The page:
You don’t contemplate a novel like this; you just read it and move on. You don’t even contemplate our sayings like this. Has anyone really thought much about the intricacies of “the early bird catches the worm”?
But you do contemplate the Bible. You have to contemplate the Bible. Every section of the Bible, whether it is history or wisdom poetry or prophetic poetry or Gospel or epistle, is far too nuanced and layered to be understood, applied, and/or appreciated with just one reading. Every passage of the Bible is meant to be both read over and over and mulled over and over.
Coming Back Again and Again
That being the case, we don’t need to approach Proverbs as something we are desperately trying to absorb during this one reading. Instead, we can approach it as something we are simply surveying at the moment, something we will be coming back to again.
I think that is the way to approach every book of the Bible; I think we should always have both a “big picture” understanding of the books of the Bible as well as a verse-by-verse understanding of the Bible. More than that, I think that our big picture understanding of the Bible enables our verse-by-verse understanding of the Bible.
This was made clear to me during my evening devotions the other night. I use an app that gives me just one randomly-selected Scripture for my evening devotions. The Scripture it gave me that night was Zechariah 8:23, which says, “Let us go with you, for we have heard that God is with you.” For me, this was a great reminder of the value of a relationship with God; I could say that Zechariah was saying people will one day respect those who have a relationship with God, and that encouraged me. That was a verse-by-verse understanding.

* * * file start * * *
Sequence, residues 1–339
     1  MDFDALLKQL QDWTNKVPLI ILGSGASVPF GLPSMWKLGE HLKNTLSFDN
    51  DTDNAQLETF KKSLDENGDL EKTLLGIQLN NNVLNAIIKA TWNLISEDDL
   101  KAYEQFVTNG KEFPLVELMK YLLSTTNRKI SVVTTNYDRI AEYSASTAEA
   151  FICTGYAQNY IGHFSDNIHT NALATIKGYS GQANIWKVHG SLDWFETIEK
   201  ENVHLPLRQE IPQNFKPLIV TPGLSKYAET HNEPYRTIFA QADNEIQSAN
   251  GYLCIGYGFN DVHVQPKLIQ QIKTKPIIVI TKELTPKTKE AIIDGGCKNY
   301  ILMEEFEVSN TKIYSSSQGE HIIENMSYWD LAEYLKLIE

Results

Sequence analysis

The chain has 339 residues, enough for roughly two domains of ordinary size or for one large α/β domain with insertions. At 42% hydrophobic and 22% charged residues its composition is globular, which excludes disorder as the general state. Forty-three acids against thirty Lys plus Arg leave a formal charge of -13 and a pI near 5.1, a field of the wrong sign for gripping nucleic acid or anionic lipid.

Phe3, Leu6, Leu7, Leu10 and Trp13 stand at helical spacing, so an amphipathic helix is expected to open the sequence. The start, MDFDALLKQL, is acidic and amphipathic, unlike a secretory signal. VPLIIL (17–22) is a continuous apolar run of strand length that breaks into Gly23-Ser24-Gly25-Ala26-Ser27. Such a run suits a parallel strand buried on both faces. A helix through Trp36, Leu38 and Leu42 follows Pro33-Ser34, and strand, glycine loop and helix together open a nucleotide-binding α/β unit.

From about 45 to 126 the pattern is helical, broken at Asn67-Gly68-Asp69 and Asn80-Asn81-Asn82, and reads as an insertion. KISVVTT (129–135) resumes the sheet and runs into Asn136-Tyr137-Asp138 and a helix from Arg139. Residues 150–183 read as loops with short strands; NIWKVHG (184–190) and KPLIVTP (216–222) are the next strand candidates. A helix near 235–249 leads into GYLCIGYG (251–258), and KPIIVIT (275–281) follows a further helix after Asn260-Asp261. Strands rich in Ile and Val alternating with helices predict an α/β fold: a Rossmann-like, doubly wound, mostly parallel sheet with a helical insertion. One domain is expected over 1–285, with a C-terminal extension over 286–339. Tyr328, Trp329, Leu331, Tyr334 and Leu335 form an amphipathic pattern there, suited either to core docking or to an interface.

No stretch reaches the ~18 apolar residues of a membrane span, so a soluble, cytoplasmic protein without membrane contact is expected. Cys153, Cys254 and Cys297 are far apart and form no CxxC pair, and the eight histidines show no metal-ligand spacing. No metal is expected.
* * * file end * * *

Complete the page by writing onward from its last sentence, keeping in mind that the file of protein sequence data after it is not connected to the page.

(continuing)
But I wouldn’t have been so encouraged by that if I didn’t already have a big picture understanding of Zechariah which came from previous readings of the book. When I did those previous readings of Zechariah, I didn’t absorb this particular verse; I didn’t remember it until I read it that night.
What I did absorb, though, what the general structure and style of Zechariah. I learned from those readings that Zechariah 7-8 is the prophet’s lengthy response to people who had tried to get him to allow them to skate by on religious practices without having a true devotion to God.
When I did this evening devotion with this one verse, then, these two understandings of the Bible came together; my big picture understanding joined with my verse-by-verse understanding, and I heard a true, encouraging word from God.
You Need Both
What I am saying is that we need to have both approaches to the Bible. We need to have those verse-by-verse times, but we also need to have those big picture times. And that is what our daily Bible reading is. It is the big picture time that is going to fuel the verse-by-verse times. So let it be that without any anxiety or fear.
Don’t try to learn every proverb as you read these three chapters a day; you can’t do it, so don’t even attempt it. Instead, attempt to learn Proverbs itself. Learn the sections of the book, the style, the flavor. That is the reading that will enhance your more devotional use of the book in days/months/years to come. That, I believe, is the real way to read the proverbs.